• ClearVue PDF – opens and allows you to view PDF files
  • AOL Instant Messenger
  • Yahoo Messenger
  • ICQ

You of course get Outlook 2002 for synching your email, contacts, calendar events and notes between the PDA and desktop computer. ActiveSync, the application used to synch the iPaq and desktop files/personal information, is also included on a CD. Overall the software bundle is decent, but nothing to write home about.

Conclusion

You just have to know what type of person you are in regards to your technology tastes to determine if the iPaq 6315 is right for you. Personally I prefer a small phone and small PDA, I simply don’t like using a bulky device as my mobile phone. Some people don’t mind this at all, they’re more than happy to chuck two devices for the convenience of having one. The iPaq 6315 certainly isn’t perfect, but I think it’s a good first effort for this type of device from HP. They made trade-offs in the product design, such as including a slower processor but providing better battery life. The built-in wi-fi, good hi-res screen and Bluetooth means HP is 3 major features ahead of the palmOne Treo 600 which has none of these features. But if you’re a Palm die hard or prefer a device that thinks it’s more of a phone than a PDA, then the Treo line or Motorola MPx 200 might make more sense for you. Overall it’s a 7 out of 10 for the iPaq 6315. Good, but certainly room for improvement.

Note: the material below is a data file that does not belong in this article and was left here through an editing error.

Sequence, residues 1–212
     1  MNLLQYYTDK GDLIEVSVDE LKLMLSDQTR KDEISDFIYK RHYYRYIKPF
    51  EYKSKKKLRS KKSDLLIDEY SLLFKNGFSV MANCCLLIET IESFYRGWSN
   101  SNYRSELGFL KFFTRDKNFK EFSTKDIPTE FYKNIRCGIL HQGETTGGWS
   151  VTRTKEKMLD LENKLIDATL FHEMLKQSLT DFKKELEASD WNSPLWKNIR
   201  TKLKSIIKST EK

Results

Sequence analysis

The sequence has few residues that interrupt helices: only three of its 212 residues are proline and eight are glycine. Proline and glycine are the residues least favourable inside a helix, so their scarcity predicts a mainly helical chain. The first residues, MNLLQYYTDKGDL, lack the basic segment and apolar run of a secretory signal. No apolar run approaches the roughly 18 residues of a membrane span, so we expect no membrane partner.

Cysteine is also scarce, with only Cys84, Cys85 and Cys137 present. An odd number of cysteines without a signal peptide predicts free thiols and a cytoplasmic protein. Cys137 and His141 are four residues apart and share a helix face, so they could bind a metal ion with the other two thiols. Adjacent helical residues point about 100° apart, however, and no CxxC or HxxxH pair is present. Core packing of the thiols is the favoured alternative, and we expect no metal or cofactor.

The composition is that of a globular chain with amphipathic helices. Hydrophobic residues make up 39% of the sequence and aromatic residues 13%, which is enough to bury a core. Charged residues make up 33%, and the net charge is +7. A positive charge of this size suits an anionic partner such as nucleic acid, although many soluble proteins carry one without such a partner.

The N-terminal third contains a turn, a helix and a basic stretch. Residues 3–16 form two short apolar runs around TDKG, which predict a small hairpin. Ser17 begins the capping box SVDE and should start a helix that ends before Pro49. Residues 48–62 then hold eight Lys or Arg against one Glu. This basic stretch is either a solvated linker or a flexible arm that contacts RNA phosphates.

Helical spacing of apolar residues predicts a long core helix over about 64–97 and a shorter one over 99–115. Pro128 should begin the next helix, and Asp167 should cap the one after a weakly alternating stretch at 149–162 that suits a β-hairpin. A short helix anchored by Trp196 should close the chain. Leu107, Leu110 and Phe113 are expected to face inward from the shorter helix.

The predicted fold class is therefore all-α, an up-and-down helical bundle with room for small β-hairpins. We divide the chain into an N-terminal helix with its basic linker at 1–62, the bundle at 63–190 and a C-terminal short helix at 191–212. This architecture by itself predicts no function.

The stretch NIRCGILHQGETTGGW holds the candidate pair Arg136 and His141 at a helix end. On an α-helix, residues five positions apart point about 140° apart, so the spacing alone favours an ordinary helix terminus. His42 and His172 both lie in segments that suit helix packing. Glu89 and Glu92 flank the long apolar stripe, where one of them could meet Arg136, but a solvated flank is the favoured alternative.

Pros

  • Built-in Wi-Fi and Bluetooth
  • Excellent battery life, nearly 7 hours of usage with all features on
  • Nice looking design and solid feel
  • Global device that can be used on GSM networks and supports quad band, even the charger comes with switchable adapters for charging in other countries.
  • If you have GPRS added to your T-Mobile account as an option you’ll be connected to the internet whereever you go and the iPaq 6315 will switch between wireless options to keep you connected to receive/send emails.

Cons

  • Slow processor at 168MHz, gives a generally sluggish response
  • 64MB of memory with 55MB accessible is not very generous for a $599 device
  • Camera is gimmicky and mostly useless
  • You’re stuck using T-Mobile if you want to use this device, if T-Mobile has no coverage or bad coverage in your area then you are out of luck.
  • Some bugginess causes unexplainable problems such as the snap-on keyboard not working momentarily, often only remedied by a soft reset of the device.

iPaq 6300 Resource Links

For further research on the iPaq 6315 check out the following resources:

Pricing and Availability